I happened across this scene the other night while driving south on the Florida turnpike and found it so intriguing that I had to stop. Every time I drive through south Florida I'm blown away by the large scale development that has been achieved in such a relatively short amount of time. As recently as 200 years ago the Everglades was thought to be an insurmountable wilderness, and today we sit atop this ecological treasure as it crumbles beneath our feet. The Everglades faces a myriad of threats: climate change and the associated risks of saltwater intrusion into freshwater habitats; the gradual loss of peat soil - the very anchor for grasses and sedges that comprise so much of this ecosystem; overdevelopment and the ensuing polluted run off from industrial, agricultural and housing developments - the list goes on. But what I found intriguing was the dedication of these men to enjoy the shrinking green space that remains of this wilderness. The soft, pastel, almost ethereal light illuminating the backdrop of houses and movie theaters created such an interesting juxtaposition of two worlds colliding - man versus nature - and I think that's what makes life in south Florida so interesting.
There's a peculiar feeling about autumn by the sea - almost indescribable, imperceptible in nature. A feeling that must be experienced to fully understand. It's the sort of feeling that simultaneously awakens all of your senses without your awareness of it happening.
It's the embrace of the last warm breeze as it's pushed along by winter's chill. It's the glow of an early sunset guarded by a thin veil of wispy clouds melting into a thousand shades of pink, orange, and blue. The crisp, cool air carrying the scent of ashen logs and the familiarity of home. It's the unstoppable march of time: The changing of seasons. It's moving forward into the unknown and the familiar in the same moment.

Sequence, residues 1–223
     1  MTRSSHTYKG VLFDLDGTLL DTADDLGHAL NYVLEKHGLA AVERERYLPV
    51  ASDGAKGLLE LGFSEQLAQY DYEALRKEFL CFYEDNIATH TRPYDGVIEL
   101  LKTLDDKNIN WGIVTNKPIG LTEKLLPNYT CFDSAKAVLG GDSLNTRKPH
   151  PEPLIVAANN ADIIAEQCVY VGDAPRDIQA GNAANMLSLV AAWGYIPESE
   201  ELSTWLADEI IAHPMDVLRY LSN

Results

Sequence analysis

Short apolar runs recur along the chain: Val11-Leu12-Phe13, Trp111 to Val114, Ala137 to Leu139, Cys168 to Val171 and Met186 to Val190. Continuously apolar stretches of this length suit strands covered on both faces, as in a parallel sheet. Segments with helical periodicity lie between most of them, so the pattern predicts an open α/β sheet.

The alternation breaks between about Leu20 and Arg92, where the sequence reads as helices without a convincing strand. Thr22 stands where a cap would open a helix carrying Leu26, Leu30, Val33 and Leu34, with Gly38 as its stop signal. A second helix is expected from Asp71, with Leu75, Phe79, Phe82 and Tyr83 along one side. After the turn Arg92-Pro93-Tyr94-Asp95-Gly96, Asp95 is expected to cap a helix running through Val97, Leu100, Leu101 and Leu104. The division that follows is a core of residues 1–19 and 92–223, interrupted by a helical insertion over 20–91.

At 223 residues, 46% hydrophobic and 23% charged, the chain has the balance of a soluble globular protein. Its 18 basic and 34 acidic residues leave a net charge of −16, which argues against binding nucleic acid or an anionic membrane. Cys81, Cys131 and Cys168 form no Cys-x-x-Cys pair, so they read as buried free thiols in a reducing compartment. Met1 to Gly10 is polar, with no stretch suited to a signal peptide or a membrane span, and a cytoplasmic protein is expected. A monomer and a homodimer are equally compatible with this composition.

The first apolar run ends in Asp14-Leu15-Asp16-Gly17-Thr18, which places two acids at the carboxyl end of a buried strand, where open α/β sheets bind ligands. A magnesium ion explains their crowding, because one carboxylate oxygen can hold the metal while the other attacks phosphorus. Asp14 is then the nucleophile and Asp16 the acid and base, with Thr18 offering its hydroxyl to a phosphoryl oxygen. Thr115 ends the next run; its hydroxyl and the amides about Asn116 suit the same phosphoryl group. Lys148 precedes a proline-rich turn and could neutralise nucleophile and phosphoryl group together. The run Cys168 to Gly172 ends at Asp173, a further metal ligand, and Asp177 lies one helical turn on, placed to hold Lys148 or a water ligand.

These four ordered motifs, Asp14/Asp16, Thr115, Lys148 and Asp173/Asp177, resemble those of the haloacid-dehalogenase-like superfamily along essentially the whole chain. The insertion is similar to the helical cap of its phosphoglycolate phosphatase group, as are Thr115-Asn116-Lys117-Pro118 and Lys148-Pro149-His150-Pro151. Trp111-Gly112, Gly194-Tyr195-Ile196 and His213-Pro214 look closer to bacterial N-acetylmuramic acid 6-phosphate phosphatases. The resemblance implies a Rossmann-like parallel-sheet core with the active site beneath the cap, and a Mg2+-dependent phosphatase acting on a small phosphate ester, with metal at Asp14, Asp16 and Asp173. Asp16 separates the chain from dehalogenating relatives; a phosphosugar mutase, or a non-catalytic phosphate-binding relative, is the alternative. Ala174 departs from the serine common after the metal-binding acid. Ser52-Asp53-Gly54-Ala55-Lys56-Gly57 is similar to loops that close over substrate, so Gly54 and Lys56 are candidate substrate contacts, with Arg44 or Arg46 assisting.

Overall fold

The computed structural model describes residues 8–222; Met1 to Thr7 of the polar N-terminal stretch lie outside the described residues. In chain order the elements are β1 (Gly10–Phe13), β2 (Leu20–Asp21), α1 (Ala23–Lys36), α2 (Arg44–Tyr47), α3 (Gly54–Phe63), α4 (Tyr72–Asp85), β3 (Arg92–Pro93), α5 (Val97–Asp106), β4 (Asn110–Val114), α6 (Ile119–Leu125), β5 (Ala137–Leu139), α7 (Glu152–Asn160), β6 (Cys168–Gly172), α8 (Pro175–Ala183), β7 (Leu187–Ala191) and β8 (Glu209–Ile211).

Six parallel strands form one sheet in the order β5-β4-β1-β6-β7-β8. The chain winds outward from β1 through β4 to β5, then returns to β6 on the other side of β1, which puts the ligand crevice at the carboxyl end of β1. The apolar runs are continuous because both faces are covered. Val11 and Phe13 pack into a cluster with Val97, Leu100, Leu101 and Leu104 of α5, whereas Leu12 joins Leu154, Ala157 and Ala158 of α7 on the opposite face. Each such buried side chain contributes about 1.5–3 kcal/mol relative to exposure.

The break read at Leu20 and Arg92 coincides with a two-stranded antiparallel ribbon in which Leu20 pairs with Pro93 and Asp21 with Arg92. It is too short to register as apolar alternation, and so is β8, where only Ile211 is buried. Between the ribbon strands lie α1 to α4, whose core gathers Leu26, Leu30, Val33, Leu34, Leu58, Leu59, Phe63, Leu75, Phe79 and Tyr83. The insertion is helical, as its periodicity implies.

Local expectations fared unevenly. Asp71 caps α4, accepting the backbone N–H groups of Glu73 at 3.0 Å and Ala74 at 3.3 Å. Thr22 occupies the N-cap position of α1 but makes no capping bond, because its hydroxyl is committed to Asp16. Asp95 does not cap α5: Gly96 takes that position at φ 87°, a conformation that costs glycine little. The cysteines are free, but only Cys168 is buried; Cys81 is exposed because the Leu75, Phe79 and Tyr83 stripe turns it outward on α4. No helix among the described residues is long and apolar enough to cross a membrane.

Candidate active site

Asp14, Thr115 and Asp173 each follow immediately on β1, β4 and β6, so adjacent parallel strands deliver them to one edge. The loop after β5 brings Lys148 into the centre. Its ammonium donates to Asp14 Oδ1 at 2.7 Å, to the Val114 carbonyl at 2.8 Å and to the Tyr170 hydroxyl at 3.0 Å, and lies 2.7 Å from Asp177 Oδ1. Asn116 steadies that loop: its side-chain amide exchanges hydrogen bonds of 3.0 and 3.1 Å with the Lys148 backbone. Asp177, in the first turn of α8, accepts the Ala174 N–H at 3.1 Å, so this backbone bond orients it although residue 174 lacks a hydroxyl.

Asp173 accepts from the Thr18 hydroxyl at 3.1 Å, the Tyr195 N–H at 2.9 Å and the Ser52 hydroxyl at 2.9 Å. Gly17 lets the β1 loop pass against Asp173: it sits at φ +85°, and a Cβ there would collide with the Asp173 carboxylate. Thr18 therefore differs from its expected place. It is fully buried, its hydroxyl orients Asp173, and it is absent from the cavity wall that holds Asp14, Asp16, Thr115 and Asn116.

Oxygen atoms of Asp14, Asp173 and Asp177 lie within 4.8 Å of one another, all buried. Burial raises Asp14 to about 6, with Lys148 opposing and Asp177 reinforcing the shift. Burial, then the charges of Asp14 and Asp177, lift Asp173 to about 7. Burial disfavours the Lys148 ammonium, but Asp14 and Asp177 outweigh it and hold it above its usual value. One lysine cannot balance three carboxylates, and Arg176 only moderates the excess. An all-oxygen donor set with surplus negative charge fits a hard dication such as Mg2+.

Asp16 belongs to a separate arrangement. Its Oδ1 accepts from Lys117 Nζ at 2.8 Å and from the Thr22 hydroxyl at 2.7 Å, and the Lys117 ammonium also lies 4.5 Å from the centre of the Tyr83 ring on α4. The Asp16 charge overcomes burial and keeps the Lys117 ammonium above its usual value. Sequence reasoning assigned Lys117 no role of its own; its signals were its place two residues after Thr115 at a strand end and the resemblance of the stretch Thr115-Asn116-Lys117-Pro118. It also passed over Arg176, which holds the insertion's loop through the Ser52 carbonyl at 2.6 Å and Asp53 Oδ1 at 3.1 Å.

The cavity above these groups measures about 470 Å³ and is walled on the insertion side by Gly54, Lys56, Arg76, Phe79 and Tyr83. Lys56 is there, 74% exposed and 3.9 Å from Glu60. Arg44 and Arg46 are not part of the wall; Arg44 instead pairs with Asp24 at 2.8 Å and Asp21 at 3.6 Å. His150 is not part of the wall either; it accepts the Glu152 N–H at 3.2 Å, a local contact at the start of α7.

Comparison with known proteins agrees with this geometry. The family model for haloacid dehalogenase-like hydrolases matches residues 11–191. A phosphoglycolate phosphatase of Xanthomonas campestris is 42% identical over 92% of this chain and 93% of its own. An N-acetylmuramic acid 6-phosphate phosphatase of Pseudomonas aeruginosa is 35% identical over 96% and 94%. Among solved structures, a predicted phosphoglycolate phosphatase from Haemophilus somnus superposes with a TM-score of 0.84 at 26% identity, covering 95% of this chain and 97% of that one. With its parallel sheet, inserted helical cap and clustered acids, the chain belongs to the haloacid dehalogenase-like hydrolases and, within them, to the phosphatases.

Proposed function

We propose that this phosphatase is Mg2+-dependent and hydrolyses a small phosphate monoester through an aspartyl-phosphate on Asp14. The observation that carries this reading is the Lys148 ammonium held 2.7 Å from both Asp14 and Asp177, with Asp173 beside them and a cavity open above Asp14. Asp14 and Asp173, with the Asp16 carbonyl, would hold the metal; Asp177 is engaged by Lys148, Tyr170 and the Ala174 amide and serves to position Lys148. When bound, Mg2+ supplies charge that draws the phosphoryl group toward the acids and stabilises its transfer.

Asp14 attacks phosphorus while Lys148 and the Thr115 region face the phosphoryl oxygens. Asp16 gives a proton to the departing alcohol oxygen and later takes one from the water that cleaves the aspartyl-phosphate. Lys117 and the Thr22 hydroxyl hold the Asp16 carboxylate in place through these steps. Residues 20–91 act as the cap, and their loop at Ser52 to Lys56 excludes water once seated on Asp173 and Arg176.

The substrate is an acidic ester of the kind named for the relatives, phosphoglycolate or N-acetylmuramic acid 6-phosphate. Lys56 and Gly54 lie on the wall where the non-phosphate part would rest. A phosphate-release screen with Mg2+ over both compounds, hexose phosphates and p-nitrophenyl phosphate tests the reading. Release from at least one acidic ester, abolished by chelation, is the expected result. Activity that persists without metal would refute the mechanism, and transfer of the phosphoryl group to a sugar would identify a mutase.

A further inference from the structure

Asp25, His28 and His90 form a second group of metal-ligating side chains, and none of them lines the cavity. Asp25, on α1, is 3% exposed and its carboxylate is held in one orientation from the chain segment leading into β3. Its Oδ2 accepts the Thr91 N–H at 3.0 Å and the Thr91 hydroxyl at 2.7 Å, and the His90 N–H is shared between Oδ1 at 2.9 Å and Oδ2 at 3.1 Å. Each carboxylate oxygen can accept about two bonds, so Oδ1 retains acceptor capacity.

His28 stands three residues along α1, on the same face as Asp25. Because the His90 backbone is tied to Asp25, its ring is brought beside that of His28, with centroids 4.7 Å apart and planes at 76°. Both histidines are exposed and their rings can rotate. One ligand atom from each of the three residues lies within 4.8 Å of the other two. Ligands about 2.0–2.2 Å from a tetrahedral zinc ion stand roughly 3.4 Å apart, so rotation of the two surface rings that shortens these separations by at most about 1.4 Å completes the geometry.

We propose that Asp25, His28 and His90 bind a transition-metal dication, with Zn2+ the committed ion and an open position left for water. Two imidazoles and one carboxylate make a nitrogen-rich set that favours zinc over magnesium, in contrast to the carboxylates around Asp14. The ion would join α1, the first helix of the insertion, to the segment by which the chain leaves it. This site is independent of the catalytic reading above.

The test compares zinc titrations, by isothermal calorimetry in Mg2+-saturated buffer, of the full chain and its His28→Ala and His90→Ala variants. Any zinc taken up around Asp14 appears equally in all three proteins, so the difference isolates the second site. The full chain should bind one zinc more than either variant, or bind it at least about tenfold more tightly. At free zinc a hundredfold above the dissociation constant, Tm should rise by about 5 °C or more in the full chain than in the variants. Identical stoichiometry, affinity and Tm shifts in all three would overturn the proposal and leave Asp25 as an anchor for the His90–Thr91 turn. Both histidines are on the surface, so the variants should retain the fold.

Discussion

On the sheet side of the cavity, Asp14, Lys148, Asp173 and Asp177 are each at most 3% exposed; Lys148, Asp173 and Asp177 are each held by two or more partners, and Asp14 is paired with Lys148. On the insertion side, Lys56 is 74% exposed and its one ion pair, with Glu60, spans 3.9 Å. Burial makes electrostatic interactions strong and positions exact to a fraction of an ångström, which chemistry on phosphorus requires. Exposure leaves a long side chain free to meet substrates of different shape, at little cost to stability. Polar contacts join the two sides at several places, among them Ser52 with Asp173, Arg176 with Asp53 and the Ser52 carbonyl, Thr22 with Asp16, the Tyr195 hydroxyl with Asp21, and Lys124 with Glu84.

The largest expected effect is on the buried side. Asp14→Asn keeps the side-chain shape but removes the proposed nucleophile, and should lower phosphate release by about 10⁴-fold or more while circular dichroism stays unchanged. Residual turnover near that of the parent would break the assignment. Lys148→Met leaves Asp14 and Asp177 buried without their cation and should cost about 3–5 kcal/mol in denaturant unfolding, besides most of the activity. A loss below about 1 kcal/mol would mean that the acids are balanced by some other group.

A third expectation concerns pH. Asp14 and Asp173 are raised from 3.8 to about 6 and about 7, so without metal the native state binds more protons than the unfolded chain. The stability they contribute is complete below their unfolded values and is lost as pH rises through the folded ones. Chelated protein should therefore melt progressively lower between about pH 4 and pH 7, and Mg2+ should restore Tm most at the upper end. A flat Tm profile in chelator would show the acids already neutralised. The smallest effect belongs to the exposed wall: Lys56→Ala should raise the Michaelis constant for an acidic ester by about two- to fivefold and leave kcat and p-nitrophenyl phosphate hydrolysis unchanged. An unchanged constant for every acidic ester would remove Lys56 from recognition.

The feeling is the migration of countless creatures, both marine and terrestrial, inspiring my curiosity to understand their behavior; their need to move innate, much like my own. It is something written into their genetic composition, perfected with the flow of the current and the ebb of the tide. It is a feeling that the whole world is in transition, in preparation for the harsh reality of winter.
In observation, I find myself both a witness and a participant to the vibrancy of this symphony. To sip the chilled breeze as it tangles my hair is but a fleeting moment of bliss - the cold ground underfoot encouraging my return home. Eyes closed, I inhale deeply so as to permanently etch this moment into my awareness. I am awakened to the realization that this moment is all we have - the impermanence of it defining its beauty. Each second is a gift - opening our eyes to it is just a matter of slowing down enough to appreciate it.